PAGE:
8 Goes Green

8 Goes Green: Local Gardeners Grow for Community

Posted: Jun 12, 2013 2:05 PM by Tom Casselman
Updated: Jun 14, 2013 11:39 PM

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COLUMBIA - A shared garden is allowing more people to enjoy fresh fruits and vegetables grown right in the city.

At the United4Health Community Garden, Columbia residents can feel free to explore new methods and plants for gardening. It also provides a nutritional boost, as having fresh produce increases the likelihood of eating healthily.

"There is a huge push for fresh fruits and vegetables. Half your plate is supposed to be fruits and vegetables," said Maureen Coy, the health educator for Columbia and Boone County Public Health and Human Services.

And there is a ton of variety in what's being grown.

"Tomatoes, peppers, strawberries, some broccoli, herbs; I have blueberry plants, blackberry plants, just a little bit of everything," said Ben Geyer, a new member to the gardening community.

Fruits and vegetables aren't the only things in variety at the garden.

"They furnish straw and they furnish peat moss and compost and wood chips, and that's more extreme than I would have thought about doing!" said Jean Newcomb, a Columbia resident and lifelong gardener.

There are a myriad of tools as well, such as spades, shovels, rakes, hoes, pots, weedwhackers and a lawnmower available for the gardeners to use. There are two different water sources for gardeners to use as well; a hydrant pump and a rain barrel system.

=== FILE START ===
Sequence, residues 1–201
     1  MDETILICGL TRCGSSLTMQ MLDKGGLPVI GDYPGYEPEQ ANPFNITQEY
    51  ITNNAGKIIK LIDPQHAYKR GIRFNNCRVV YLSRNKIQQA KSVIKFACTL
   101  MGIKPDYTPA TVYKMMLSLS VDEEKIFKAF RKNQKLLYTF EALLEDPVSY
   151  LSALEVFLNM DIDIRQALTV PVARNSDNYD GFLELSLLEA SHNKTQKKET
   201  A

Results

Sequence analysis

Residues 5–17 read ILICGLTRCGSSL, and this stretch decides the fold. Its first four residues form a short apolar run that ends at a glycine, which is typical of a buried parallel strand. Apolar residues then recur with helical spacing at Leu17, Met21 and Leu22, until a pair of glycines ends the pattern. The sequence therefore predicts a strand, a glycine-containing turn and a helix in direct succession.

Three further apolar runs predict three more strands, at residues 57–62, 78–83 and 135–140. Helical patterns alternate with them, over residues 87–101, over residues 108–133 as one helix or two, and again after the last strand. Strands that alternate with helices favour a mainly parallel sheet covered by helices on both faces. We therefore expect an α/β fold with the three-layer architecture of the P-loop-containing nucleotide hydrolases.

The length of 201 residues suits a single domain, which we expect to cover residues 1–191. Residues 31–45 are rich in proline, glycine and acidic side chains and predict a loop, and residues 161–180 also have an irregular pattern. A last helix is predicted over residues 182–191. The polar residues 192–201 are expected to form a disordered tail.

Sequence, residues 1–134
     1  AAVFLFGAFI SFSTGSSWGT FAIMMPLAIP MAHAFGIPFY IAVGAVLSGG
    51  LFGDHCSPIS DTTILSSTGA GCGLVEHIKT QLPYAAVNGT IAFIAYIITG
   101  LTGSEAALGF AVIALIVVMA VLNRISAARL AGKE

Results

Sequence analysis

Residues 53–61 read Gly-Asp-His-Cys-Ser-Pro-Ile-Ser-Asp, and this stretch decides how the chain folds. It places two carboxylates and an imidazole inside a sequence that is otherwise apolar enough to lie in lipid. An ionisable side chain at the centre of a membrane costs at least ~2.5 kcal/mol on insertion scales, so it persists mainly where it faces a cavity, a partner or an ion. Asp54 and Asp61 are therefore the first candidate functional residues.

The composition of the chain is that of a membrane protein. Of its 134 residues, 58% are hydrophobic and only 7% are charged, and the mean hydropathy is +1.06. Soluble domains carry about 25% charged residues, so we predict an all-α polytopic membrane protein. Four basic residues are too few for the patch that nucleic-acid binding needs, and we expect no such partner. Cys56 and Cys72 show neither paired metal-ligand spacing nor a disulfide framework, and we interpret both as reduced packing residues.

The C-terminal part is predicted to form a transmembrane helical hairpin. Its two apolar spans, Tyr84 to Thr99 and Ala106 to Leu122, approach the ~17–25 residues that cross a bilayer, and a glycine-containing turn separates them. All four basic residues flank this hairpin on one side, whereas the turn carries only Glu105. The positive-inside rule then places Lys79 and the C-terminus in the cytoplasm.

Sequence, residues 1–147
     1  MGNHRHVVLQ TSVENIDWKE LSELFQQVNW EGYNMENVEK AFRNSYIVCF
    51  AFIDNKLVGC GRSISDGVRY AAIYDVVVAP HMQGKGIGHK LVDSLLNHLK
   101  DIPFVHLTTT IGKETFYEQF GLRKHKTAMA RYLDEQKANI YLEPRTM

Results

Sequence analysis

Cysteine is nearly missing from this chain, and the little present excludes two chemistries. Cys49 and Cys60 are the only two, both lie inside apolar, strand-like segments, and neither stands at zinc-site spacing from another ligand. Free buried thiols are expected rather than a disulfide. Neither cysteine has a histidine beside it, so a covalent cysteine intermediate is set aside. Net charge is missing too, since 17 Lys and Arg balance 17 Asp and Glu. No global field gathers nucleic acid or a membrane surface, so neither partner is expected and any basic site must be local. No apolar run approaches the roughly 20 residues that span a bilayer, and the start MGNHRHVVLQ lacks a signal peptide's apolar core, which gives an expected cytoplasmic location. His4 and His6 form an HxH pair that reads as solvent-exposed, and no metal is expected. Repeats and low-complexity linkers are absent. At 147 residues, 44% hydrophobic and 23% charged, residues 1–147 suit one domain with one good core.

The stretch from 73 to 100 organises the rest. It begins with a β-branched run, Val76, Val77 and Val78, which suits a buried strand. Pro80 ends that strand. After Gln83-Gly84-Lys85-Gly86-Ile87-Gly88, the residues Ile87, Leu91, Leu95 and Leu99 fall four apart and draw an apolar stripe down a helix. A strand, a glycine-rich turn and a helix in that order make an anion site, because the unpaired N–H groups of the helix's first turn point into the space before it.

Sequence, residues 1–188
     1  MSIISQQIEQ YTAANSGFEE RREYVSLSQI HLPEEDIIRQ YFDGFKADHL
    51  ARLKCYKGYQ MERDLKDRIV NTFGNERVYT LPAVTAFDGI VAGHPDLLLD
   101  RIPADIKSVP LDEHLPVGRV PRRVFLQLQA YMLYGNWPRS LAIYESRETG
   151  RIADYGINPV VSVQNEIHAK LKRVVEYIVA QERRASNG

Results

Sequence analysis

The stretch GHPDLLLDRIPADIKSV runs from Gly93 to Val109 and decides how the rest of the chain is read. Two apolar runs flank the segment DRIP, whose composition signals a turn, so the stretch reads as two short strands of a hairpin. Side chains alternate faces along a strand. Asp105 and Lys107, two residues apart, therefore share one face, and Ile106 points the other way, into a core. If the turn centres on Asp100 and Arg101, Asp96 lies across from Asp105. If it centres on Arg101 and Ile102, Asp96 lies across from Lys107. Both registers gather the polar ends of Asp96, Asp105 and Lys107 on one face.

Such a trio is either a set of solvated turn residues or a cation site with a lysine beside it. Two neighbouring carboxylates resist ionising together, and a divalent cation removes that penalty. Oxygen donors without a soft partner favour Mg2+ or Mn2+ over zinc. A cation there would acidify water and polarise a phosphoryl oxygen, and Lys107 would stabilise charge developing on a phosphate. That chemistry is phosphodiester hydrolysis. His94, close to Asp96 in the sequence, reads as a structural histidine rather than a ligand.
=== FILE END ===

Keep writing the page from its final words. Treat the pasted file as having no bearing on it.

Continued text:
While the garden has attracted long-time gardeners like Newcomb, it has garnered interest from younger members of the community as well.

"I read a book about a vegan athlete and got really stoked on health. I read this in January, and January is really the worst time to garden. So this spring I said, 'I'm going to garden,' and so I took over my backyard and now I'm coming here," Geyer, 16, said.

Coy said the success of the garden can't be attributed to just one source.

"We had our shed built by Job Point, we had our raised beds made by Columbia's Public [Schools]'s Career Center. We have worked with the Center of Urban Agriculture, we work with [Columbia] Public Works in our rain barrels," said Coy.

The newest addition to the Community Garden is a plot dedicated to the Women, Infants and Children (WIC) program.

"Some city employees wanted to see more fresh produce donated to low-income families," Coy said. "One of the things we know is that low-income people really have a hard time being able to afford fresh, local produce."

The produce is grown by the city workers who volunteer at the plot, and the produce is then given to the attendants of work-nutrition classes provided by the Public Health and Human Services Department. This helps give low-income individuals and families a little bit of extra nutrition. Coy said that while she doesn't know how much food they have donated in the past, the Columbia and Boone County Public Health and Human Services is acquiring a scale to measure how much food they are able to grow for others.

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